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ASSOCIATIONS BETWEEN HOUSEHOLD AND NEIGHBORHOOD INCOME AND ANXIETY SYMPTOMS IN YOUNG ADOLESCENTS

Authors

  • Michaela Vine M.P.H.,

    Corresponding author
    • Department of Epidemiology, University of Washington School of Public Health, Seattle, Washington
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  • Ann Vander Stoep Ph.D., M.S.,

    1. Department of Epidemiology, University of Washington School of Public Health, Seattle, Washington
    2. Department of Psychiatry and Behavioral Sciences, University of Washington School of Medicine, Seattle, Washington
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  • Janice Bell Ph.D., M.P.H.,

    1. Department of Health Services, University of Washington School of Public Health, Seattle, Washington
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  • Isaac C. Rhew Ph.D., M.P.H.,

    1. Social Development Research Group, University of Washington, Seattle, Washington
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  • Gretchen Gudmundsen Ph.D.,

    1. Division of Child and Adolescent Psychiatry, Department of Psychiatry and Behavioral Sciences, University of Washington School of Medicine, Seattle Children's Hospital, Seattle, Washington
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  • Elizabeth McCauley Ph.D.

    1. Division of Child and Adolescent Psychiatry, Department of Psychiatry and Behavioral Sciences, University of Washington School of Medicine, Seattle Children's Hospital, Seattle, Washington
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  • Conflict of interests: None.

  • Contract grant sponsor: National Institutes of Mental Health and Drug Abuse Contract grant number: R01 MH63711. Contract grant sponsor: National Institutes of Health; Contract grant number: T32 HD052462

Correspondence to: Michaela Vine, Child Health Institute, University of Washington, Box 354920, Seattle, Washington, 98195. E-mail: mvine@u.washington.edu

Abstract

Background

A better understanding of the role of both family- and neighborhood-level socioeconomic characteristics in the development of anxiety disorders is important for identifying salient target populations for intervention efforts. Little research has examined the question of whether associations between anxiety and socioeconomic status (SES) differ depending upon the level at which SES is measured or way in which anxiety manifests. We studied associations between both household- and neighborhood-level income and four different manifestations of anxiety in a community sample of young adolescents.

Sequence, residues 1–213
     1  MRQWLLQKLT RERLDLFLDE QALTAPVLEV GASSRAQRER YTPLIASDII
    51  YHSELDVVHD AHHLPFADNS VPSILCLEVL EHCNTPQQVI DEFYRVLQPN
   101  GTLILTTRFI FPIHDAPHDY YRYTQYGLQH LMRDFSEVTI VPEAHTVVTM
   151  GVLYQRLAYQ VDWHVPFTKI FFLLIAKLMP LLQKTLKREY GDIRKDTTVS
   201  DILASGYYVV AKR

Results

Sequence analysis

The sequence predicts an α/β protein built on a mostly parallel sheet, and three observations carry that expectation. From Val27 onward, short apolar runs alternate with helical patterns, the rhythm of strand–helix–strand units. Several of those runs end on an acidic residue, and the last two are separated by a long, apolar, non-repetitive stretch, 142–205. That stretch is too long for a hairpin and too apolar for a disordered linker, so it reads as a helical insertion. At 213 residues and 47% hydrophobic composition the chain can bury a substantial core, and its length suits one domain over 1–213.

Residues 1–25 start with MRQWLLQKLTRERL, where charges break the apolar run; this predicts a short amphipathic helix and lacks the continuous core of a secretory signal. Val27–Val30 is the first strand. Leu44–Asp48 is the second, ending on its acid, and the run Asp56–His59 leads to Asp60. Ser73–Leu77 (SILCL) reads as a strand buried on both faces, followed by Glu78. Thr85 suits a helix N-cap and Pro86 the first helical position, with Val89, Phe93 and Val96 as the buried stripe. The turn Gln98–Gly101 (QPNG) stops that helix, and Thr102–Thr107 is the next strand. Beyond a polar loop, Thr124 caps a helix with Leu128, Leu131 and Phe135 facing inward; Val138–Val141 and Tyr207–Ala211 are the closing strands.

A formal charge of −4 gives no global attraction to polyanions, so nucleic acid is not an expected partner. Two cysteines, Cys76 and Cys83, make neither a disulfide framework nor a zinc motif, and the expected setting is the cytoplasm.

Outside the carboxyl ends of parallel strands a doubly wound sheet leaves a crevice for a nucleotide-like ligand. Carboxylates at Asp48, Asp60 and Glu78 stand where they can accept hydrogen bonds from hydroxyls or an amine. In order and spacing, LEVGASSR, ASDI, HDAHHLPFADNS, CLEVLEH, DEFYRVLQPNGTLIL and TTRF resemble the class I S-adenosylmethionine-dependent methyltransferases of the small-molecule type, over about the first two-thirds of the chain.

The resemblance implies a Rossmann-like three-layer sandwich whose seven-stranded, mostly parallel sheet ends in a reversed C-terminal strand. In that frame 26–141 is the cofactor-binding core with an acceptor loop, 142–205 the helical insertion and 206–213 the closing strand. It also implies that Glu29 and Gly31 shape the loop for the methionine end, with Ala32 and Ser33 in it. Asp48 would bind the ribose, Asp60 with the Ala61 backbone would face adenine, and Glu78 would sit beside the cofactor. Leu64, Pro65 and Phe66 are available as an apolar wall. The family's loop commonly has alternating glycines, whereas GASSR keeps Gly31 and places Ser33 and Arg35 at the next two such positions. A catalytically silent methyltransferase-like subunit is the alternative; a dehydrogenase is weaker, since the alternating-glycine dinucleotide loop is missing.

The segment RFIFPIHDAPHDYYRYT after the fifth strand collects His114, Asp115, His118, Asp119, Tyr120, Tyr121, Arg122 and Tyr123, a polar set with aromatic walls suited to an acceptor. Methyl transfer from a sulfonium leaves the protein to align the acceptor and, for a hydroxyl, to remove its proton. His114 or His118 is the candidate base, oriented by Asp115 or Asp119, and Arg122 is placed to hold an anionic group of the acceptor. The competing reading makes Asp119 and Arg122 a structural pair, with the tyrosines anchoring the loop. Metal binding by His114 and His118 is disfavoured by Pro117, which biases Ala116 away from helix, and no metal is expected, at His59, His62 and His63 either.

Methods

We conducted a cross-sectional analysis of data on 498 subjects aged 11–13 from a cohort study of Seattle-area middle school students. Generalized estimating equations were used to examine the association between both annual household income and neighborhood median income and each of four anxiety subscale scores from the multidimensional anxiety scale for children (MASC): physical symptoms, harm avoidance, social anxiety, and separation/panic anxiety.

Results

A negative association was found between household income and scores on two of the four MASC subscales—physical symptoms and separation/panic anxiety. In contrast, at equivalent levels of household income, adolescents living in higher income neighborhoods reported higher physical and harm avoidance symptom scores.

Conclusion

The role that SES plays in the development of childhood anxiety appears to be complex and to differ depending on the specific type of anxiety that is manifest and whether income is evaluated at the household or neighborhood level.

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